His self-designed 3D ceramic letters and unique furniture can be seen in the recently opened pop-up design shop Dinghi in Buda. His work appears in the huge figurative mosaic of the Hilda restaurant in Budapest, the Breadpit bakery, the Porcellino Grasso Ristorante and the Buda and Kalvin Square shop-front of Budapest Bagel. But we can also discover Gábor Melka’s unique ceramics and mosaic tiles in Vienna. We talked to the designer about his recently opened new studio. Interview with Gábor Melka, founder of Melka Studio.
Street art, ceramics and typography—these are the concepts that come to mind when you see Gábor’s ceramic creations. And the confusion of terms is completely understandable. A momentary hesitation rightly occurs when trying to define Gábor’s work. They cannot be classified in any of the classical artistic or creative sectors. Nor is it intended to be labeled as any of these concepts. He moves freely between genres in his work, and the objects he creates could be classified as graphic design, fine art or object creation. Having left graffiti and painting behind, he began working with ceramics in secret more than seven years ago.
”In Becske, Nógrád County, we made a manufactory-like workshop, where my Buddhist friends were involved in the work. For a year and a half the ceramics were made here. The background was given: the creative environment, the workshop and the materials. All I had to do was to make sure that what I dreamed of was made.”
If not in the usual form, there is still a certain degree left of graffiti. Under the name RAPA 73, he runs street art projects of personal relevance. He leaves his mark in the form of small tiles wherever he goes. Whether in Budapest, Vienna, Barcelona, Lisbon, Naples or even Marrakesh. ”These are absolutely not out of place. They’re relatively hard to spot because I put the tiles up high. But I always make sure that I place the letters in a way that makes it really exciting.” Everything then comes together at Melka Studio. The studio (with Gábor as the only member) embraces more serious, larger-scale projects.
He is less active on social media platforms. As he says, he is more of an implementer. Still, his works find their way to where they need to go. A lot has changed over the years. But one thing hasn’t—and that’s Gábor. At first glance, it’s almost unbelievable that he is behind everything we see. From the meticulously crafted mosaics of tiny ceramic tiles to the huge, individual letters and elements. His love of the material is as natural to him as is working with it. For Gábor, the underlying professional knowledge that the technique requires has been naturally layered onto his creative ideas as he worked. He sees in ceramics something very few people do. And his most exciting work comes from projects where the client has complete confidence in his vision. His mosaics are part of the image of many places in Budapest (and now Vienna). We asked him which of his works was his favorite and why.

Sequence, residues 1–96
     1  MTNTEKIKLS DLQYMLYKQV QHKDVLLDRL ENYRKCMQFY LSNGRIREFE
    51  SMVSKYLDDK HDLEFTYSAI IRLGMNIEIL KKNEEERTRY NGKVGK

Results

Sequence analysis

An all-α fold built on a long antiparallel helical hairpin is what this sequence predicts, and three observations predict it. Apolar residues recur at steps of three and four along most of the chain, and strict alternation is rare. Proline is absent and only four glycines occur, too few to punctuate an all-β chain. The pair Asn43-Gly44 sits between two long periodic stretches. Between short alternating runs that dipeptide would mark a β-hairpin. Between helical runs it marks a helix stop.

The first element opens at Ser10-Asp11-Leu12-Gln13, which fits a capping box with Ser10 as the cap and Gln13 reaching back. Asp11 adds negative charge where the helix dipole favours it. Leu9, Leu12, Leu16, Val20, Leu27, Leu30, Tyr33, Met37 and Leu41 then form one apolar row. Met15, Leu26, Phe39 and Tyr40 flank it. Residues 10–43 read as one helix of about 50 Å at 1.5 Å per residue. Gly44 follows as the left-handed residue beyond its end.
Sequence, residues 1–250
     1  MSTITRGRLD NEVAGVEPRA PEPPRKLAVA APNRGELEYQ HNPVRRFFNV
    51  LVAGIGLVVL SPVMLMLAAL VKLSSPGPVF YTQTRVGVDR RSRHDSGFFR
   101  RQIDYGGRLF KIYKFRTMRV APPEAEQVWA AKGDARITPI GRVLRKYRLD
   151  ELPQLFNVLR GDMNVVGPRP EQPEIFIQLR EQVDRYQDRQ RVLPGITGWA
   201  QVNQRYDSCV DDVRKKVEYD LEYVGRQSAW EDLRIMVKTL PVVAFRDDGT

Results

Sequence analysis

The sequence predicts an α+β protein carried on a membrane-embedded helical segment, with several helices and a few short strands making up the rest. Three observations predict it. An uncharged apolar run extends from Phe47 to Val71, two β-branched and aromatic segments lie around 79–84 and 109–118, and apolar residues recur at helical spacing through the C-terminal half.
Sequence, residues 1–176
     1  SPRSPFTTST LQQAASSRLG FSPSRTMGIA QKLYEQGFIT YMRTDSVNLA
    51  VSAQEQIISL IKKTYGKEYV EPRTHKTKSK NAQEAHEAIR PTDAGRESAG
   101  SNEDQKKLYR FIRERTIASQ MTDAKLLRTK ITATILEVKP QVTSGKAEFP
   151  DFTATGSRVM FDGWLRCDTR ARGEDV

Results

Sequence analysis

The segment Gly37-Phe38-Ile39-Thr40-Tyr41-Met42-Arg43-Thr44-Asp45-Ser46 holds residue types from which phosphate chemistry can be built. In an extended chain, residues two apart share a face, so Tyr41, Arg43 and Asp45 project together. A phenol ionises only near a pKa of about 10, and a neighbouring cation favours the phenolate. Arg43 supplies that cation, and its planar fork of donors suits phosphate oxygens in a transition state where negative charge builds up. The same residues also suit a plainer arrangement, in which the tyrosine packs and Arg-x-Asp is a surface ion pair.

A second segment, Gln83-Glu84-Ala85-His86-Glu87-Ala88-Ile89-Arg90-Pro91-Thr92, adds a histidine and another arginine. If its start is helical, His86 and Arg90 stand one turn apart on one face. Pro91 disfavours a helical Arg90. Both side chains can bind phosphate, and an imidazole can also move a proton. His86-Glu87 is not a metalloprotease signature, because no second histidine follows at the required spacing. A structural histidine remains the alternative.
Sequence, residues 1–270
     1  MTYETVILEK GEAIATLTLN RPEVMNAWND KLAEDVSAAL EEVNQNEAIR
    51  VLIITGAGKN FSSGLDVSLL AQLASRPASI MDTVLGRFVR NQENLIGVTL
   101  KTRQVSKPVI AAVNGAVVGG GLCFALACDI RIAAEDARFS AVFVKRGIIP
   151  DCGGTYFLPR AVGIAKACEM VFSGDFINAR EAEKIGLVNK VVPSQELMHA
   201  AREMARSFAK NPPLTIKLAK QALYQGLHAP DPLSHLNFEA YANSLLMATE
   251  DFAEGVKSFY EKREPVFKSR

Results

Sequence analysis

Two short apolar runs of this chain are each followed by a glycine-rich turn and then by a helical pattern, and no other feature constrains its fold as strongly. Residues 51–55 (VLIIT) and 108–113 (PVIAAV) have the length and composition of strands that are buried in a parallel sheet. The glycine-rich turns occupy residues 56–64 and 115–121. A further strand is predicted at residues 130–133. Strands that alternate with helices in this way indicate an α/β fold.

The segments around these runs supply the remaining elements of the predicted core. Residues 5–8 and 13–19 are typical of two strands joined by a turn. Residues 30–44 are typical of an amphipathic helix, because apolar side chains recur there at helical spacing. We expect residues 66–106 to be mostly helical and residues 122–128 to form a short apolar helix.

”Each one is my favorite because each project is completely different. This is also because I’m involved in each one in a completely different way. It’s exciting when I have a free hand in the design and I’m 100 per cent involved, but it can be just as exciting when I have to adapt to the ideas of other designers, graphic designers and interior architects. A few years ago, I was asked to design a mosaic for the Samsung floor when the Paris Courtyard was under renovation to match the non-figurative decorations on the courtyard façade. The colored mosaic on the exterior has been reintroduced to match the space, reduced to four shades of grey.”
As part of the Colorful City, he participated in the painting of Budapest’s first colored firewalls. Then he wanted to do something no one else was doing. He wanted to give something back with his work, so ceramics replaced mural painting. It was a big step, a huge investment of energy, time, tools and money.
”If it’s not done out of love, the reality will not be true to the idea. That’s why I do projects like Hilda, because there is no one else who can create it the way I do. And I really love doing it, both the design and the process of making it.”
He used to have a workshop in the Szimpla Garden. Over a period of nearly two years, he filled the space with his work wherever he could, in addition to open workshops. He recently opened a new studio in Gellérthegy, inside the Budapest School building. The recent base also offers space for workshop visits and workshops, where we can build our own letters or mosaic tiles with Gábor’s help using his unique, one-of-a-kind screened ceramic tiles. In this way, he not only leaves his mark in the strict sense of the word, but the community-building role of such an event is also enormous, regardless of the age of the participants.